Every professional who wants to grow in his or her career considers adding an academic credential to the resume. A master’s degree after a bachelor’s degree and 3-5 years of full time work experience seems like the perfect solution to most analysts and entry level managers. Since MBA requires a hefty investment, everyone considering taking the plunge asks the key question – is MBA worth the expenses?
I did my own analysis before deciding on getting an MBA. I took out a huge student loan to get my MBA and then quickly paid it off in 26 months, you can read about it here.
Analysis: NPV ( Net Present Value) of MBA
Assumptions and Brief description of terms used
According to Investopedia, the discount rate refers to the interest rate used in discounted cash flow (DCF) analysis to determine the present value of future cash flows. Simply put, this is the rate of return I’d get if I choose to invest my money elsewhere. For the purpose of this analysis I’ve chosen 8% which is the average return I’d expect on investing in S&P 500.
Pre and Post MBA Salary (Net)
I wanted to determine the difference an MBA can make in my earnings potential, and for a more accurate analysis I have used the yearly salaries, net of taxes. Pre-MBA gross salary of $65,000 and Post-MBA gross salary of $120,000 is a fair assumption for a top school in the US.
I have used NY state as an example to calculate the post tax salaries. To customize your calculations, you may use this link.
MBA Cost Year 1 and Year 2
This is the cost of attending an MBA program full time. For some it may require a move to a different city hence changing the cost of living as well. Some may pay the full tuition while some may have scholarship or other aid available. I have used $60,000 per year but this number can vary greatly on a case to case basis.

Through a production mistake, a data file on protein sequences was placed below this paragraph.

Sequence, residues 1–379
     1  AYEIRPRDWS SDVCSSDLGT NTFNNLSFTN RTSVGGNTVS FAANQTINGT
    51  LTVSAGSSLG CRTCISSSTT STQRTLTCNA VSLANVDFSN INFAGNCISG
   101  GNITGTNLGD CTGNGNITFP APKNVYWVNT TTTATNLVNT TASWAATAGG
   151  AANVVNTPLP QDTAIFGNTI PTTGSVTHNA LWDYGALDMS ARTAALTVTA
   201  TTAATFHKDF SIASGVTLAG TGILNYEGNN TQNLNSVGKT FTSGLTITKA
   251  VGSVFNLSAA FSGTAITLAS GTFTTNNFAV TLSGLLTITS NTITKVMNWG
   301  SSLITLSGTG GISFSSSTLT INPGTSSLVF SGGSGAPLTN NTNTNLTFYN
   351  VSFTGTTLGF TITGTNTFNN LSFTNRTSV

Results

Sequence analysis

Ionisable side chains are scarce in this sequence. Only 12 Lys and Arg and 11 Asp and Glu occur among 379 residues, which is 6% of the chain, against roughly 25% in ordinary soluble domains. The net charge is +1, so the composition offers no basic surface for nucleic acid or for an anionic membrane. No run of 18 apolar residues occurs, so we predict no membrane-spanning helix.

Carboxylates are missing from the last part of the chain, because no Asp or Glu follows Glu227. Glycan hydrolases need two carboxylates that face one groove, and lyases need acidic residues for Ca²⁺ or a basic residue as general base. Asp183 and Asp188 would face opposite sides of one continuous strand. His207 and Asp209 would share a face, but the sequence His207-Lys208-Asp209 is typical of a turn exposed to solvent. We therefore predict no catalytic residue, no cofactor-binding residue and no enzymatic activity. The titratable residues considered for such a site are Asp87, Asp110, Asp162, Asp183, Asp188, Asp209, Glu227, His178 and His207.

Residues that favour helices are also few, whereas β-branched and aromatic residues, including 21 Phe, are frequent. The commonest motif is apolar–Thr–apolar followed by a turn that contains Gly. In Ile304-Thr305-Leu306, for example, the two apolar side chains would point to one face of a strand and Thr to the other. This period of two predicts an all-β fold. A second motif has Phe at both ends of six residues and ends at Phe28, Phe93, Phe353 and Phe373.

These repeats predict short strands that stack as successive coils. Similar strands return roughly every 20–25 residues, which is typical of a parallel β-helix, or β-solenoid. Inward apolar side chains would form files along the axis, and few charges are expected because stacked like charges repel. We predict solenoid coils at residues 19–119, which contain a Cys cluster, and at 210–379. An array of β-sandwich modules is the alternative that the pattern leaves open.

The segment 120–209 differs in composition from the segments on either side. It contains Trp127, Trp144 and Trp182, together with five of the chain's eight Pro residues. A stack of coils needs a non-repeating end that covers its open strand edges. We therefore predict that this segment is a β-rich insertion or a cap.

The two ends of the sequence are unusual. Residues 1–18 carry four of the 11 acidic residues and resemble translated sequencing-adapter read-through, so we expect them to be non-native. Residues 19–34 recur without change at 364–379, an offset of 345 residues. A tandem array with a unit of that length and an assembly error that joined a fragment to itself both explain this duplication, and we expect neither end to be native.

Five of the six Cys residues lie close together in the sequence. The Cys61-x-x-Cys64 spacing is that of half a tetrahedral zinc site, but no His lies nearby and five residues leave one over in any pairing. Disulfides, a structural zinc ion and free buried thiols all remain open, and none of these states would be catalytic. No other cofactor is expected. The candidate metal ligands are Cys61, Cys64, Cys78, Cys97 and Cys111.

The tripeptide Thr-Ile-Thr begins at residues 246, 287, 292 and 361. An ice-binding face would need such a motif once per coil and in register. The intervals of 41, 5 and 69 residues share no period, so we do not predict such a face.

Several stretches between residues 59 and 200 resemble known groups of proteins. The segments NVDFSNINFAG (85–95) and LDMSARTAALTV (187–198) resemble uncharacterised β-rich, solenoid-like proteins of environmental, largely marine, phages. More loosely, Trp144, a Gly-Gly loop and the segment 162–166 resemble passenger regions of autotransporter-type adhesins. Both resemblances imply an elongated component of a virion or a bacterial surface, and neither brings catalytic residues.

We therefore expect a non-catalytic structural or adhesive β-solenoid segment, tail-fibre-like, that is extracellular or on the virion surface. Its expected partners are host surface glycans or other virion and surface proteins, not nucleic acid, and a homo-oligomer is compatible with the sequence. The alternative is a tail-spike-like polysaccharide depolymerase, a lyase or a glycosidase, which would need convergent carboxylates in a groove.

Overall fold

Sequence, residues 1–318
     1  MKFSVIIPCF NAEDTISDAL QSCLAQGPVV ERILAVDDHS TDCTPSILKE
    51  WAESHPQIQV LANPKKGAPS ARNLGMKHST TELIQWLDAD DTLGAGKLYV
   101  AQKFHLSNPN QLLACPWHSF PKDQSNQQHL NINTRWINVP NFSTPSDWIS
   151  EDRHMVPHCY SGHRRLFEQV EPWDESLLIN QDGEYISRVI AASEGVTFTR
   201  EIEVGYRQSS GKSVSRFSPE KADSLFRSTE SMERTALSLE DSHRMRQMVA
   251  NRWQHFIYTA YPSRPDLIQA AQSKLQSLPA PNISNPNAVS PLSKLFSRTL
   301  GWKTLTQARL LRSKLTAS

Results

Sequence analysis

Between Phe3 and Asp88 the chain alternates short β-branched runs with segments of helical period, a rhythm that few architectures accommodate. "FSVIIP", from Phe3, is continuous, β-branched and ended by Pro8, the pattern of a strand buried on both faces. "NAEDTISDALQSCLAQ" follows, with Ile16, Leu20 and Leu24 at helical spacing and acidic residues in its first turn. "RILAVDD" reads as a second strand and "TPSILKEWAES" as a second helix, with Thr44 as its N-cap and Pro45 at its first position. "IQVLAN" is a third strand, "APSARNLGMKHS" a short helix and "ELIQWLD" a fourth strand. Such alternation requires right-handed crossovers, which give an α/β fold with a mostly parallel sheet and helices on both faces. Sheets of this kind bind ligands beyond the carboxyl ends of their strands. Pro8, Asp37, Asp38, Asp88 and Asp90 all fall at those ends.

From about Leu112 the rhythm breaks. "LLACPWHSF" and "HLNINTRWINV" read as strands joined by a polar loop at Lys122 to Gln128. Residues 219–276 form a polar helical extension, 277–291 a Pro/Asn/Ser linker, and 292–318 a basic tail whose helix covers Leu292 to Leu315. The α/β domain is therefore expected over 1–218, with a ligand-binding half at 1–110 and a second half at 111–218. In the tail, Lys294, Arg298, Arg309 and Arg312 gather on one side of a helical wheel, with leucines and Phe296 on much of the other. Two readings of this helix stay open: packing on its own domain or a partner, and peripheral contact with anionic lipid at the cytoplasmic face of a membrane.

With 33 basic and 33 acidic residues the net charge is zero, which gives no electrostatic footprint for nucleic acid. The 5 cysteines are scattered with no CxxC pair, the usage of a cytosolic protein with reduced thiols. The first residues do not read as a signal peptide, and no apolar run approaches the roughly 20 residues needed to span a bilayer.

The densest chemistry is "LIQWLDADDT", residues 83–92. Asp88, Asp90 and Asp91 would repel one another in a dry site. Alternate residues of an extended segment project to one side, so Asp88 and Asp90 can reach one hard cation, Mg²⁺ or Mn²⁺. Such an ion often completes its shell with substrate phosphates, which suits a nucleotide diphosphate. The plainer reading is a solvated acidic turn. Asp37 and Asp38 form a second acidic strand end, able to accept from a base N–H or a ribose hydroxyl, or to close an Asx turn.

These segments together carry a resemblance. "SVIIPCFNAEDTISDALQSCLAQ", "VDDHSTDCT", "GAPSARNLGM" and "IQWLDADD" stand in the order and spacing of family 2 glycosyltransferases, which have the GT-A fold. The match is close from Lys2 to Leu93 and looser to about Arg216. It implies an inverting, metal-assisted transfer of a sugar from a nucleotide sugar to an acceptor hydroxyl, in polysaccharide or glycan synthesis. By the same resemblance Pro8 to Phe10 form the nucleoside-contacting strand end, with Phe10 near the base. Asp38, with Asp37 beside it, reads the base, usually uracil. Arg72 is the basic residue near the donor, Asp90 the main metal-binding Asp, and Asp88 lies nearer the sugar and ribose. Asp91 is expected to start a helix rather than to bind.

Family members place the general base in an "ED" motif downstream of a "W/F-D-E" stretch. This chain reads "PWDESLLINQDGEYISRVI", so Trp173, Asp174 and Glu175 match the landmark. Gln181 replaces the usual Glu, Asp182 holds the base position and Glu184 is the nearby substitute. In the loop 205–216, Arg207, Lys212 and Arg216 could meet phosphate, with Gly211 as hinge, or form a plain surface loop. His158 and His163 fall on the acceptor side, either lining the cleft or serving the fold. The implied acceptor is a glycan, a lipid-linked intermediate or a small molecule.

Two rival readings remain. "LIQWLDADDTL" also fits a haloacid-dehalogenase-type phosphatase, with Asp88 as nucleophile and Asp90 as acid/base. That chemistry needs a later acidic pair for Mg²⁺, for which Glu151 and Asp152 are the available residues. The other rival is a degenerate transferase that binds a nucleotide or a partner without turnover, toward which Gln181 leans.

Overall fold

|Business School||MBA Tuition|
|Harvard Business School||$146,880|
|New York University (Stern)||$145,860|
|Carnegie Mellon (Tepper)||$136,000|
|Emory University (Goizueta)||$127,400|
|Washington University in St. Louis (Olin)||$122,000|
|Georgetown University (McDonough)||$118,200|
|University of Texas at Austin (McCombs)||$109,424|
NPV or Net Present Value
NPV or Net Present Value is the value of all future cash flows in today’s dollar terms. The discount rate is used to calculate that. You can read more about NPV here.
Pre and Post MBA Increment rate
This is the rate of increase in the yearly salary in both cases. To adjust for promotions and increased bonuses and even stock options as you rise higher, I’ve picked an annualized growth rate of 5% on a job without an MBA, and 7% on a job after an MBA.
- I enroll and start my two year MBA program at the age of 27
- I have $0 earnings in the first year of my MBA
- Due to summer internship, I earn post-tax earnings of $12,000 in the second year.
- Retirement age is 65 years
Taking these assumptions and doing the math, I figured the Net Present Value of MBA from a top B school in US is at-least a million dollars. Besides the monetary gain, an MBA provides the opportunity to hone soft skills, learn alongside really smart people, and build a strong professional network.
So, what do you think – Is MBA worth it?
Please share your experience in the comment section below.
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Updated: July 9, 2021 by FinPins